You’ve undoubtedly met these women before. They may play different roles — mother, aunt, grandmother, or a dear family friend — but they likely have much in common:

  • They all moved straight from their parents’ house to their husbands’ house.
  • Their husbands were the primary wage earners, and if the women worked at all it was just was just for some “pin” money.
  • Many of these women have never made decisions about finances alone.

While not all women in the senior age bracket fit these circumstances, those who do have unique financial needs. In the “Father Knows Best” era of the mid-1950s, a woman relied on her husband for financial support. She happily changed her maiden name and let her husband take care of the finances while she stayed home with the children. However, she never imagined what would happen if her husband got sick and died and she was left making all the decisions for herself and her family.

Here is a true-life scenario that may sadly be repeated over the next two decades.

Sandy and Don were married for 34 years. Don owned his own business, and Sandy worked part time. She worked to keep busy, not to earn a significant living. Don always took care of their personal and business finances. Then, the unexpected happened. Don got sick and needed medical care. Sandy did not understand their health insurance policy. After a lengthy hospital stay, the doctors determined there was nothing they could do for Don and that he should consider hiring a nurse to help make his final weeks comfortable.

Sandy suddenly needed to deal with Don’s business and didn’t know where to begin. Don died, and while Sandy was unraveling the business issues, she was then faced with the medical bills — the insurance Don selected didn’t provide enough coverage, and Sandy had to pay his bills with credit cards. Sandy was in desperate need of an income, but without Don, there was no business. There was no key employee to run the business or an emergency succession plan. Additionally, Don did not have any life insurance. In the end, Sandy got two jobs to pay off the debts and had an attorney work out a payment plan with the creditors.

Life insurance could have provided much-needed liquidity at Don’s death. Long term care insurance could have provided some payment for the nurse. A business continuation plan, which is usually funded by insurance, may have provided additional income to the family and given Sandy a means to make money on the business.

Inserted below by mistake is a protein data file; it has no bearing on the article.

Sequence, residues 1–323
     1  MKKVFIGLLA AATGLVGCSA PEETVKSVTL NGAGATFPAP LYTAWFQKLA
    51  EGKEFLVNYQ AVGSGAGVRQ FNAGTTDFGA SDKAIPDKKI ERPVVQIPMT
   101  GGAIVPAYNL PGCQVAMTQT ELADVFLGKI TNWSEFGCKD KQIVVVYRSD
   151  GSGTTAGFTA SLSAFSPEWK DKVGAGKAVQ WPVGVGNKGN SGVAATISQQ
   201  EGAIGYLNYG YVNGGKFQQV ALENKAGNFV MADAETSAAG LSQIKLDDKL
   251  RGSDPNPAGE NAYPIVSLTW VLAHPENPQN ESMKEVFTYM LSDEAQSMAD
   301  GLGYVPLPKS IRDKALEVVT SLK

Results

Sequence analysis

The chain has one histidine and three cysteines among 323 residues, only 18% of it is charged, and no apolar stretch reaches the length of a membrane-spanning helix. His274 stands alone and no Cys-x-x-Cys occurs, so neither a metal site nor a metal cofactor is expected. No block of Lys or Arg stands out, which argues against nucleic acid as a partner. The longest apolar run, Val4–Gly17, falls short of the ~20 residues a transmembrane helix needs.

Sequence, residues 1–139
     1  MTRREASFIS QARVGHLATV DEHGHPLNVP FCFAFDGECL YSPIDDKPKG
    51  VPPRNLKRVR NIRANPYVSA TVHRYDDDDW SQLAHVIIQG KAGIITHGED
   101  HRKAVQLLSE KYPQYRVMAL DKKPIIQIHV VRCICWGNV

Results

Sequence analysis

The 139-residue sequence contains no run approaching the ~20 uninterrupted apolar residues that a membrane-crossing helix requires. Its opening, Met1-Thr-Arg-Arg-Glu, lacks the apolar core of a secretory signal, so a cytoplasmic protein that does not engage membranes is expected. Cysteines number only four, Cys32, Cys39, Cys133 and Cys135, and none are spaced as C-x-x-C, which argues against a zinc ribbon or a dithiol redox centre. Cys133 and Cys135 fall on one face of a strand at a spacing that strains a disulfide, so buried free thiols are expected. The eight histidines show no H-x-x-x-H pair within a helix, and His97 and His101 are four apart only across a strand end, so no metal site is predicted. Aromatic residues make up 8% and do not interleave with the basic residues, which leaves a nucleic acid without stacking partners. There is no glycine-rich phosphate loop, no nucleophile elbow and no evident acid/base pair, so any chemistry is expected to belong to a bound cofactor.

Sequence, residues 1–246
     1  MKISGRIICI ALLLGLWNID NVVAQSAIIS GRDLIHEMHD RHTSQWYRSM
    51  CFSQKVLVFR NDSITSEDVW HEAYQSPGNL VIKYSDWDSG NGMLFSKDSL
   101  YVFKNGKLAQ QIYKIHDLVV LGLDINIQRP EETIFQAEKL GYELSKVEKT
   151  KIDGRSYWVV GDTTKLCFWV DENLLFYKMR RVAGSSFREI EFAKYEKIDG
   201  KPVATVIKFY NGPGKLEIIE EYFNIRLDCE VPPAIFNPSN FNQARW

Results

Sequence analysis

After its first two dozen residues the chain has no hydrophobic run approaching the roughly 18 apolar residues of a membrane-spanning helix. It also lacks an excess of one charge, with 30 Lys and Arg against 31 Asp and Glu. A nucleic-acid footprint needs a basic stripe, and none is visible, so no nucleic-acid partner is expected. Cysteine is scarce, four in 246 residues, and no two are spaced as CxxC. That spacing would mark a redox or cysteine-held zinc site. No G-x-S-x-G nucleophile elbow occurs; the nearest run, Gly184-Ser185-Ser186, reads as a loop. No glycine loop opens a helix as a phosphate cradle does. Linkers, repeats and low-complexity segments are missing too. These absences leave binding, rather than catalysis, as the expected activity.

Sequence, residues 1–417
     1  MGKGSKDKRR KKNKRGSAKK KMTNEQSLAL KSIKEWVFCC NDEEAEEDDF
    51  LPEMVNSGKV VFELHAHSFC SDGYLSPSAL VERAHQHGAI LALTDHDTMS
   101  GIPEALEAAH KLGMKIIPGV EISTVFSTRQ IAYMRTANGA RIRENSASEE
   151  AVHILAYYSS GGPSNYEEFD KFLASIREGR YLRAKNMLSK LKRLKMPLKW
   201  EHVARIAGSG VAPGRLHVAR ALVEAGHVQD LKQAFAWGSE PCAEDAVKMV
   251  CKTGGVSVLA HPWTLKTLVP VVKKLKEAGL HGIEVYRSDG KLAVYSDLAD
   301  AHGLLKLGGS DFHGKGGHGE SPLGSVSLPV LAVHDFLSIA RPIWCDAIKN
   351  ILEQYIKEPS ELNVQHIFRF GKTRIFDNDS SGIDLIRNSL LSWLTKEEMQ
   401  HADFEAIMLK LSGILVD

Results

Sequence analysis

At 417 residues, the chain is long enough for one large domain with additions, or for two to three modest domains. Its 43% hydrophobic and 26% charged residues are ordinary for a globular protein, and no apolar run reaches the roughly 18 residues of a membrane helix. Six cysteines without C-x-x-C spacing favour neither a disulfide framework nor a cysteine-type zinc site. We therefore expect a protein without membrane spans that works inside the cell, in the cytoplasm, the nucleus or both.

It is unfortunate that no trusted advisor, whether it was a CPA, attorney, or insurance agent, reached out to Sandy while the business was running and Don was alive. By not developing a relationship with both parties, each of these advisors lost a valuable relationship when Don died. Sandy was not comfortable being strong armed with “we know better” tactics. She needed relationships based on compassion and trust. In the end, Sandy made poor decisions, she lost the business, and an insurance agent missed out on the opportunity to help Sandy get through this emotionally and financially trying time.

One successful tactic in this market is to create a niche marketing strategy. You market to grief counselors, church groups, and synagogues. You communicate that you like working with widows because you like to teach and empower them. And you should be of a certain disposition, as well, with a lot of patience and an affinity for watching these women learn that they can be independent at any age. Another marketing tactic is to have their portfolio on the ready so that at any given time, these women can call and ask, “Can I afford this?” They love being able to do that. It gives them a safety net. But take note: This all takes lots of time.

Building the relationship early on
So many times, mature couples do not keep their life insurance or even buy it once their children have grown. They simply think they do not need it. However, life insurance can provide liquidity and act as a safety net. Long term care insurance can help defray the high cost of lingering illnesses. And understanding the medical policy is essential.

This is a generation of responsible, thrifty, and reliable Americans. It is also a generation that is hard to convince of the need to spend money. The key here is to focus on the husband’s responsibility. They take care of their family and their wives. This generation typically saves for a rainy day. Do they want all they saved to go to their family or to be eaten up by medical bills and unexpected expenses? No one wants to think and plan for sickness and incapacity. However, lack of planning can lead to financial hardship for those who are left behind.

Building a relationship of trust
When advising aging couples or single women, take the time to help them see the holes in their current plans. Explain what type of policy they need and all of its benefits and its pitfalls. No policy is without drawbacks, and policies are difficult to understand. It is hard to know what to buy and what type of coverage to expect. As an advisor, explain what exactly is covered and what is excluded. Are there inexpensive riders available that make the coverage better? Can a bigger deductible make the coverage more affordable? Being truthful about pros and cons will allow you to be seen as trustworthy. You will not come across as someone who is more interested in making money than taking care of their customers. Integrity is important to this generation.

Everyone wants to spend their golden years with the ones they love or traveling and visiting friends. No one wants to spend all of their money on an unexpected disaster. And while you can never predict a client’s future, you can help them with products and advice to secure the happy retirement they worked their whole lives to achieve.

Rhonda A. Miller, owner of the Law Office of Rhonda A. Miller, is an estate planning and business entity planning attorney. She can be reached at rhonda@rhonda4law.com.